Tell us about when you were cast to play Freeza.
At the time, my son1, who was still little, was a big fan of Dragon Ball Z, and when I was set to appear, he was overjoyed. But when I told him, “I’ll be playing Freeza,” I got back, “Oh, so a bad guy, huh…” (laughs)
What was your impression when you first saw his character design?
My impression when I saw the illustration was, the old “nobleman” standby from historical dramas. His appearance is of elegant refinement, but he’s high-handed and intolerable. I associated my image of his voice with that aspect. As the story progressed, perhaps the scriptwriters also sensed it, as I was happy to find that the sort of lines I’d imagined gradually increased.
Freeza is an incredibly cruel alien; how did it feel to play that sort of character?
It was a lot of fun. (laughs) He doesn’t put his emotions out front, but he does have those feelings, and when he snaps, he shows a completely different side… I believe that this sort of role-making is the most interesting part of being a performer.
Was there anything you were conscious of in playing a “rival to the main character” like Freeza?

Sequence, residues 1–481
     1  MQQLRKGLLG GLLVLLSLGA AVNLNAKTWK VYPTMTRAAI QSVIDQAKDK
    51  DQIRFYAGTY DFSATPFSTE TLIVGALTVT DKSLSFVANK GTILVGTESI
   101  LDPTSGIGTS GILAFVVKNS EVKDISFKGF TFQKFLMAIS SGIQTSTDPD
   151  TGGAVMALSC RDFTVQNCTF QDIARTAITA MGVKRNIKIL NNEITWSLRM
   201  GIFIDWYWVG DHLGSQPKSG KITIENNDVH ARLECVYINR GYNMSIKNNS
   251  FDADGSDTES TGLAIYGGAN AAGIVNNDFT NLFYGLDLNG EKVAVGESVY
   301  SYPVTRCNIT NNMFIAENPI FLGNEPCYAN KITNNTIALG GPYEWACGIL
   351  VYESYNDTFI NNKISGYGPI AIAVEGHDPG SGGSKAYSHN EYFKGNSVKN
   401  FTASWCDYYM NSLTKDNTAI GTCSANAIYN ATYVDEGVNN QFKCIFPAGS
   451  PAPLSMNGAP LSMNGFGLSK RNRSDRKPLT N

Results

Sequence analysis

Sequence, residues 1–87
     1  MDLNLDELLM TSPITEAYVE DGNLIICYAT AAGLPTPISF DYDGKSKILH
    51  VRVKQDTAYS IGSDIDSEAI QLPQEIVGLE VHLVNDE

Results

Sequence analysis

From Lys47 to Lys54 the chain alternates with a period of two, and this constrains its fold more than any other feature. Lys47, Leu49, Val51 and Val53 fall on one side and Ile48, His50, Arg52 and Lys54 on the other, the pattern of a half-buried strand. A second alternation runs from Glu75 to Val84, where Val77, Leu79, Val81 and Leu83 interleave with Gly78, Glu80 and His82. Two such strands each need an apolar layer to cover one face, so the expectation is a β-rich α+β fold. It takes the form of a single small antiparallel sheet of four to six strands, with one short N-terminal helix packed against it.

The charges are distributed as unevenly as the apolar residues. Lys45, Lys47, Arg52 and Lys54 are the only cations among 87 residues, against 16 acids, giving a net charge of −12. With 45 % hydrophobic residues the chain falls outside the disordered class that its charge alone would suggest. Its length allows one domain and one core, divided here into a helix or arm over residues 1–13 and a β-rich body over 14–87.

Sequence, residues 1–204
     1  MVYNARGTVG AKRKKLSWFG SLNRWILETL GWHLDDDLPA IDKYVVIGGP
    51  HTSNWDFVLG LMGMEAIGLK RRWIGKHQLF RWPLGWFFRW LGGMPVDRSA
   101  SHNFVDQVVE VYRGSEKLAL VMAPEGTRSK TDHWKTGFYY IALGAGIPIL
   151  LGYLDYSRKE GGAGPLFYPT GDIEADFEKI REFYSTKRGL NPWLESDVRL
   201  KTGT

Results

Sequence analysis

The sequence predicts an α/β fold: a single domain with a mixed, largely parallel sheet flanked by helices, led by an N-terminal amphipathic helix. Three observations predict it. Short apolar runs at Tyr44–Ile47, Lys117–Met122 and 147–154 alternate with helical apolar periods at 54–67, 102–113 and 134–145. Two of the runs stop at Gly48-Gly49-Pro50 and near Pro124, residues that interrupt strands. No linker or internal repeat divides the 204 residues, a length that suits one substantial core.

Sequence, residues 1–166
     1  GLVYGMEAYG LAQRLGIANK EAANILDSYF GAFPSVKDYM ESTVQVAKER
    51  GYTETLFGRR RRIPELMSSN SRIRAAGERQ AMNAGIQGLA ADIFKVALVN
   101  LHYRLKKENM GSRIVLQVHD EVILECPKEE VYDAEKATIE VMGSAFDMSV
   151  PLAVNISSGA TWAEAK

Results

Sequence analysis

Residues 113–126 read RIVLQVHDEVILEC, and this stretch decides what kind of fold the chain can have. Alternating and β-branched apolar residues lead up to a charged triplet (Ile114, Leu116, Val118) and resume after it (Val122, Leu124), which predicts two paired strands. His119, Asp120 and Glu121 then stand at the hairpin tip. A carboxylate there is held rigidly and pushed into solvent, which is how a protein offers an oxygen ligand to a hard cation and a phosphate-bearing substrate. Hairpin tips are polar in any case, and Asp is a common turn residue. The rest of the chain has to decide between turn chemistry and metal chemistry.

I like playing people who have a lot of flaws. It varies with the person, but all people have some flaw, and they live while hiding them, right? For me, finding those flaws is part of making the role. The bigger the flaw, the more evident their individuality, and the character becomes more interesting. In Freeza’s case, I think what throws his flaws into sharpest relief is probably Goku. Goku possesses the depth of emotion that Freeza is lacking in. So I thought, Freeza is envious in the face of that Goku, so he stubbornly clings to the notion that [Goku] is a being of lesser strength than him.
You also played Freeza’s older brother Coola, who appears in the movies, Nakao-san.
That’s right. With regards to Coola, I interpreted him as a character who was an extension of Freeza, so while I may be inviting misunderstanding in saying so lightly, I had the privilege of doing him freely.
What is Dragon Ball Z’s appeal as you see it, Nakao-san?
I think it’s the strong designs for the world and its characters. It also has to do with what I said about a character’s flaws before, but Gohan, the son, is more intelligent than Goku, his father, and the idea that they complement each other is nice.
Finally, please give us a message for the fans.
I feel extremely lucky to have encountered Freeza, whom so many fans still remember, even so many years since the show ended. If everyone continues to support Dragon Ball from now on, as well, I believe he’ll rejoice from the afterlife. (laughs)
(Recorded 15 April 2004)